CRUD with Java, Hibernate and MySQL — Part 1

This 3-part tutorial explains what Hibernate is, how to set it up to connect with MySQL database and performing common database operations like Create, Read, Update and Delete (CRUD).

Tech Stack:

Java (JDK 1.8)

Hibernate 5.2.11 (Note: Hibernate 5.2 or higher requires JDK 1.8)

MySQL Connector (Java) 5.1.44

Eclipse Spring Tool Suite (3.8.2)

What is Hibernate?

Hibernate is a framework for saving/persisting Java objects to the database. More information about what Hibernate can achieve can be found here.

Why Hibernate?

Hibernate minimizes the amount of JDBC code one needs to develop for connecting to the database as connections are now handled using a hibernate configuration file.

Hibernate handles all the low-level SQL code.

Most importantly, Hibernate provides Object-to-Relational Mapping (ORM), that is, mapping between Java class and database table.

How are Hibernate and JDBC related?

Hibernate uses JDBC for all communications to the database. In other words, Hibernate is an additional layer that uses JDBC for connecting to the database.

This tutorial is divided into three parts. Part 1 explains how to set up Hibernate for your project. Part 2 explains configuring Hibernate to connect to the database and Object-Relational Mapping (ORM). Part 3 explains using Hibernate to perform CRUD database operations.

Lets get started.

Setting up Hibernate in Java Project

For building Hibernate applications in Java, we need the following:

Java Development IDE (can be downloaded here)

Database server (can be downloaded here. For this tutorial, MySQL Community Server should be good.)

Hibernate JAR files (The JAR files can be downloaded here and added to your project build path. We only need jars from the required folder in the downloaded zip file for this tutorial.)

JDBC Driver (The MySQL Connector can be downloaded here and added to your project build path.)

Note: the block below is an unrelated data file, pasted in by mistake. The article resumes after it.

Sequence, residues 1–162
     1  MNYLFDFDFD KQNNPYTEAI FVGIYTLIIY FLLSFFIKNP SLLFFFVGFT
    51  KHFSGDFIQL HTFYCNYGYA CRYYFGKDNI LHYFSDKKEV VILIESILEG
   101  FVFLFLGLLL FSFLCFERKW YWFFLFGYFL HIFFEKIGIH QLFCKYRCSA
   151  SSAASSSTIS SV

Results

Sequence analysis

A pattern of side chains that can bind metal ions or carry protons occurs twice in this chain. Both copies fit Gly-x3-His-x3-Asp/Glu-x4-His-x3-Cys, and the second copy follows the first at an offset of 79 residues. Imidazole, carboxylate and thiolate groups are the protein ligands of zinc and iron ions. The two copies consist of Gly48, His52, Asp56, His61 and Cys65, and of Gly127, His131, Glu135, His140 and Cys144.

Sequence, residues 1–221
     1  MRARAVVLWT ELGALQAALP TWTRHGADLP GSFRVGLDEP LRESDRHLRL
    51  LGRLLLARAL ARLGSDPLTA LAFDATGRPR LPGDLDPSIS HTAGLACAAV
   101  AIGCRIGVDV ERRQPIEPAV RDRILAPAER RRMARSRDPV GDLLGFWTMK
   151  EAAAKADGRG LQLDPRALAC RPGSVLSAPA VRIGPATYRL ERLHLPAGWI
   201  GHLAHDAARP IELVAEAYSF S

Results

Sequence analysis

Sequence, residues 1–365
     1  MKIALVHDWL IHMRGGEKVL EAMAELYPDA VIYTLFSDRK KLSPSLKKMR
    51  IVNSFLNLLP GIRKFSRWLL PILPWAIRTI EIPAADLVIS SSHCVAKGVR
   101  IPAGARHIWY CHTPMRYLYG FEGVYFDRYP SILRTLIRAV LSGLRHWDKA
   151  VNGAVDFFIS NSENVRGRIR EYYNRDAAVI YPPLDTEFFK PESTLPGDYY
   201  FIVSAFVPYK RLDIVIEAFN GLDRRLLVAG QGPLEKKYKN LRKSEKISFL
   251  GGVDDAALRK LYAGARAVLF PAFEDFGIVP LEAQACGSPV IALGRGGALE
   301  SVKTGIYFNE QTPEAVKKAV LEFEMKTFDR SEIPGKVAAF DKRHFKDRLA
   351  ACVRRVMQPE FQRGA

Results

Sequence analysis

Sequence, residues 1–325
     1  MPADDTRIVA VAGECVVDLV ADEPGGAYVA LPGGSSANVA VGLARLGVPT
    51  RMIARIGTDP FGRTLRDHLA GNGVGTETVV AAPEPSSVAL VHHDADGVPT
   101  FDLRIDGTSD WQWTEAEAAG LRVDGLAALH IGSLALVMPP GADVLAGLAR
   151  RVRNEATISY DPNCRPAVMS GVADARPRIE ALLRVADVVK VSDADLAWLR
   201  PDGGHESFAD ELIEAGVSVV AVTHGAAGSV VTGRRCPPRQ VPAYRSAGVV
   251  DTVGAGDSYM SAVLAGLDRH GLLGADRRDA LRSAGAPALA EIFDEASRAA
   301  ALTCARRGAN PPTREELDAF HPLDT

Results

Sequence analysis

This is how the final project set up looks like:

Hibernate set up in your project

The installation instructions for MySQL can be found here. The MySQL community server runs on localhost:3306 by default. For the purpose of this tutorial, we create a new user: hb_student

Now, we create a database table named “student” by running the following SQL query:

CREATE DATABASE IF NOT EXISTS `hb_student_tracker` ;
USE hb_student_tracker;

DROP TABLE IF EXISTS `student`;

CREATE TABLE `student` (
`id` int(11) NOT NULL AUTO_INCREMENT,
`first_name` varchar(45) DEFAULT NULL,
`last_name` varchar(45) DEFAULT NULL,
`email` varchar(45) DEFAULT NULL,
PRIMARY KEY (`id`)
)ENGINE=InnoDB AUTO_INCREMENT=6 DEFAULT CHARSET=latin1;

This is how our “student” table schema looks like:

“student” table schema

Lets set up our hibernate configuration and Object-Relational mapping in Part 2 of this tutorial.

Credits: The example in this article was inspired from a Spring & Hibernate For Beginners course by Chad Darby on Udemy.

Disclaimer: The aim of this article is to explain a complex topic in a short time for the reader and is in no way, shape or form intended towards discrediting the instructor’s work.

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Full-Stack Senior Software Engineer | AWS Certified Developer Associate | AWS Certified Solution Architect Associate | Technologist | Blogger

Full-Stack Senior Software Engineer | AWS Certified Developer Associate | AWS Certified Solution Architect Associate | Technologist | Blogger